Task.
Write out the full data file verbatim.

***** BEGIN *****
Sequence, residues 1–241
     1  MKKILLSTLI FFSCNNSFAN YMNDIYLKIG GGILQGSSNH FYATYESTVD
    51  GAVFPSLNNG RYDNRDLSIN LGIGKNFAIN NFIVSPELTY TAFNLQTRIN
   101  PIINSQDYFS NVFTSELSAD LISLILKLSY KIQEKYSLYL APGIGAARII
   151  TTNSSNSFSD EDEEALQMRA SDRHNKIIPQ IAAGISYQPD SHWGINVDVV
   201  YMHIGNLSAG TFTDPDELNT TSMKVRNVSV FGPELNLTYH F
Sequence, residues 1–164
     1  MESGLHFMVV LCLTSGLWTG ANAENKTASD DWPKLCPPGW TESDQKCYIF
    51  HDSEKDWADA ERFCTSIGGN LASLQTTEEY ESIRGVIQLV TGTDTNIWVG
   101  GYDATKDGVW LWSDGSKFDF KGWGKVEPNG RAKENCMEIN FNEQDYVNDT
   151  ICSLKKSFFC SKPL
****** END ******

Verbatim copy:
Sequence, residues 1–241
     1  MKKILLSTLI FFSCNNSFAN YMNDIYLKIG GGILQGSSNH FYATYESTVD
    51  GAVFPSLNNG RYDNRDLSIN LGIGKNFAIN NFIVSPELTY TAFNLQTRIN
   101  PIINSQDYFS NVFTSELSAD LISLILKLSY KIQEKYSLYL APGIGAARII
   151  TTNSSNSFSD EDEEALQMRA SDRHNKIIPQ IAAGISYQPD SHWGINVDVV
   201  YMHIGNLSAG TFTDPDELNT TSMKVRNVSV FGPELNLTYH F
Sequence, residues 1–164
     1  MESGLHFMVV LCLTSGLWTG ANAENKTASD DWPKLCPPGW TESDQKCYIF
    51  HDSEKDWADA ERFCTSIGGN LASLQTTEEY ESIRGVIQLV TGTDTNIWVG
   101  GYDATKDGVW LWSDGSKFDF KGWGKVEPNG RAKENCMEIN FNEQDYVNDT
   151  ICSLKKSFFC SKPL